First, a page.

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Interview with the Inventor of Tradewala, the Fast-Paced Game of Social Satire

If you’ve ever played a board or card game – and I pray that you have – you’ve probably thought to yourself “I bet I could come up with something better than this.” But you don’t, do you?? If you’re Rita Schultz, inventor of the new, fast-paced social satire card game Tradewala, you sure as hell do! I had some questions for Rita about Tradewala, and she was kind enough to answer them.

Amateur Idiot/Professional Dad: Let’s start with the question I have to ask, how did you come up with the idea for Tradewala?

Rita: My husband and I were celebrating the holidays with my family and found ourselves in need of some excitement, so we decided to play a game called Pit. As we played, we all brainstormed different rules, themes and ideas. We found that the 113 year old game is fun but we can make a different game and have it be more relevant in our world today. Games are one of the best methods to unite people, whether it be family, friends, or even strangers. I wanted to create a game that would do that quickly and be really engaging for the players. A fast-paced trading game was the answer. At the same time, I wanted the game to have a bigger impact. It organically creates a positive and friendly environment to discuss important social topics.
I started by creating a list of themes for Tradewala and really liked the idea of folding social topics into this really fun game. I tested that idea, along with other themes, across several focus groups. I found that social issues engaged, excited, and sparked interesting conversation among players. The topics presented like politics, the environment, and gender inequality are relatable to players on a global level and impact their lives everyday.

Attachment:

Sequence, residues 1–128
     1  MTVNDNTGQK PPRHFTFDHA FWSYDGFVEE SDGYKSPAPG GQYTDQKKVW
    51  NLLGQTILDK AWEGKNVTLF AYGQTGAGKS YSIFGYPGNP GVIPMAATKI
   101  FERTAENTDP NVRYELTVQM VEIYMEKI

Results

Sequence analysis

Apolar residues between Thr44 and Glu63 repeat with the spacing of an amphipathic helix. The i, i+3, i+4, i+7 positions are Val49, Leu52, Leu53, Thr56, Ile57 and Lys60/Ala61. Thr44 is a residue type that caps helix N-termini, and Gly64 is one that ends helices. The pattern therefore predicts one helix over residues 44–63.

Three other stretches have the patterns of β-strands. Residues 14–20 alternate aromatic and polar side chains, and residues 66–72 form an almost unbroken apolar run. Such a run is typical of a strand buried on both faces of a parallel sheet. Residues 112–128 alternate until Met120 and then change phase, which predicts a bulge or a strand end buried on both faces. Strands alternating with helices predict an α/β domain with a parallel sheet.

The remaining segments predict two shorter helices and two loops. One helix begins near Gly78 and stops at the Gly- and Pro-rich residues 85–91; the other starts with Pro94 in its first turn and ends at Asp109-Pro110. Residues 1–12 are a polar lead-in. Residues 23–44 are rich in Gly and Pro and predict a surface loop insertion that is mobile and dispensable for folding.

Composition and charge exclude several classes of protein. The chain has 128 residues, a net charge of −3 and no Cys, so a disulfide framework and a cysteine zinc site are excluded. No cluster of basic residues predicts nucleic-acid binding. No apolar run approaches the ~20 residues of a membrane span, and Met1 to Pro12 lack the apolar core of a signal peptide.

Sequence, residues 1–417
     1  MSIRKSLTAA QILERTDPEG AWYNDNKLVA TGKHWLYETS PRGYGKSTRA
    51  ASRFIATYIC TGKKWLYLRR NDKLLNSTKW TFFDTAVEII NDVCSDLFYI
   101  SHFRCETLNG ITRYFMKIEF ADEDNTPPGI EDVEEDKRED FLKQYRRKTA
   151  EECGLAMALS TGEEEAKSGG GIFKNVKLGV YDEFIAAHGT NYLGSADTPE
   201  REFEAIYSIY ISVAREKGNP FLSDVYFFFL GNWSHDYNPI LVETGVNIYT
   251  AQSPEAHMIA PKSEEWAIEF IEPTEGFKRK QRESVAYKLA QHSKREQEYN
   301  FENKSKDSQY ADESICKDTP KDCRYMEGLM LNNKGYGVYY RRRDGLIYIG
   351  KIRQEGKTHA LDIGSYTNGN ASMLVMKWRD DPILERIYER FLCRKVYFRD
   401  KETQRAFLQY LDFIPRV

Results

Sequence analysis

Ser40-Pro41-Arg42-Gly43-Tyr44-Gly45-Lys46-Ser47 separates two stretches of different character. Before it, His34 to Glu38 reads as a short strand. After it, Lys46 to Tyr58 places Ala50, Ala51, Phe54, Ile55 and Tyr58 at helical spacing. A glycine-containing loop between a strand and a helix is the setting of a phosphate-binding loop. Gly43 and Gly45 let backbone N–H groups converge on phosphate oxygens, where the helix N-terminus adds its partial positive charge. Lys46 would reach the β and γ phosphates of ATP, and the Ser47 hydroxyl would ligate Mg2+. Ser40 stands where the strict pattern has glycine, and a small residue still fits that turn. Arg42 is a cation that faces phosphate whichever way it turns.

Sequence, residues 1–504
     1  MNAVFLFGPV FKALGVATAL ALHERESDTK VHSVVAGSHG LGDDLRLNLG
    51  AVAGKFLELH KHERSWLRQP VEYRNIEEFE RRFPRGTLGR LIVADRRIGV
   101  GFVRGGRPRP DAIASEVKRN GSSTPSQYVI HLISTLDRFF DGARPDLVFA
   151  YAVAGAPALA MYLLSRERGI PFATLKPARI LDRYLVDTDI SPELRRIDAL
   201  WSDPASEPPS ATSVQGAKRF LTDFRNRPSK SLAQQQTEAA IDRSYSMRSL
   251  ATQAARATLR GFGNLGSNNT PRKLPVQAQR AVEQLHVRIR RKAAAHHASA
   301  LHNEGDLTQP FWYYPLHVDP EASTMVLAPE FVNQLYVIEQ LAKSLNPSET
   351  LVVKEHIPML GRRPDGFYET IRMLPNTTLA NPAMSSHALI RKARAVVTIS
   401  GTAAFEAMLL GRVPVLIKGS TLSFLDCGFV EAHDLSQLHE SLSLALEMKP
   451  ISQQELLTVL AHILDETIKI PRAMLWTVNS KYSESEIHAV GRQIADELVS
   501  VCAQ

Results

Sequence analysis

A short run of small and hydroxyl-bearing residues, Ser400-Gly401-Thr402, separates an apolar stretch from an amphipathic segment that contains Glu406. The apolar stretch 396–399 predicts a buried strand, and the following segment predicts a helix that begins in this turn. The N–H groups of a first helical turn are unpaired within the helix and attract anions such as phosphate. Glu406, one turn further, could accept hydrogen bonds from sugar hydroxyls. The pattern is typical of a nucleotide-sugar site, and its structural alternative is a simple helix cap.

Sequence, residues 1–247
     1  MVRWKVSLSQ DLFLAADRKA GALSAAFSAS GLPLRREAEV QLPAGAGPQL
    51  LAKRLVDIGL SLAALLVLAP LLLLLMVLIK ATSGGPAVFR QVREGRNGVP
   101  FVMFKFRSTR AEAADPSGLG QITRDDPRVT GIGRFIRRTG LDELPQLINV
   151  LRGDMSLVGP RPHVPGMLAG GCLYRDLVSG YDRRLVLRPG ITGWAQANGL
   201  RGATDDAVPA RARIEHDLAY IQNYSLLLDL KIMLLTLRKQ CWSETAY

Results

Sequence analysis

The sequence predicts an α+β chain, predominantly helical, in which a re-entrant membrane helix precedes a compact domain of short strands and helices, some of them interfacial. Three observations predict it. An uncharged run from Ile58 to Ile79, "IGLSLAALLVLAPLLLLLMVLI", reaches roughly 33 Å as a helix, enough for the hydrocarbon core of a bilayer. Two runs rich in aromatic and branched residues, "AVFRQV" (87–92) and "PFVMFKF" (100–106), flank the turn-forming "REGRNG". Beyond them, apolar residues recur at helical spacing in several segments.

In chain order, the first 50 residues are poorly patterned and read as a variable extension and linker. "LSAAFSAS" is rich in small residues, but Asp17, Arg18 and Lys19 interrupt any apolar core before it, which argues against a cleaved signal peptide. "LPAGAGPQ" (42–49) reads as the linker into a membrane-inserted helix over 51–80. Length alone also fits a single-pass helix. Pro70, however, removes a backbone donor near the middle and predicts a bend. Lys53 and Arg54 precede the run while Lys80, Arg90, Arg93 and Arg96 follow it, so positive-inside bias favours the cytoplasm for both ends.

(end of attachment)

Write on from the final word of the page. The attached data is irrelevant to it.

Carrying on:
AIPD: I did my research (BOOM!) and Googled “wala,” so I know it means “pertaining to or connected with,” but what is the significance to you? I guess what I’m asking is: why “Tradewala”? How did you come up with the name
Rita: The name Tradewala stems from the word “wala,” meaning an expert in their area of skill. Since trading is an integral part of the game, the winner is crowned the Tradewala.
AIPD: Yup, that checks out. So, what would you say is the perfect round of the game? What happens that’s not on the cards? What conversations happen?
Rita: People really get into the game and they get energetic. Some of the soundbites we’ve gotten from players are the game was such a stress reliever, even their friends that hate games loved it. And who doesn’t love satire and shouting at their friends and family? Specific to the theme on the cards, when someone wins with Education, for example, it sparked someone to mention their student loan debt and another player shared how they refinanced their student loans. When someone won with health, they shared a story of how they lost 40 lbs. When the politics card comes up…as you can imagine a variety of topics usually are discussed from a local to global level. People are energetic and share these stories after each round. It causes people to always end up learning something new, sharing a viewpoint or understanding a viewpoint better, or having a good laugh at a funny story.

AIPD: Clearly, this game is intended to go beyond just the deck of cards (and bell) in the box. Other than people laughing and having fun, what are you hoping the game elicits?

Rita: Besides laughter and fun, I’m hoping the game unites people. In doing so, I hope the game elevates the conversation and awareness around these important social topics.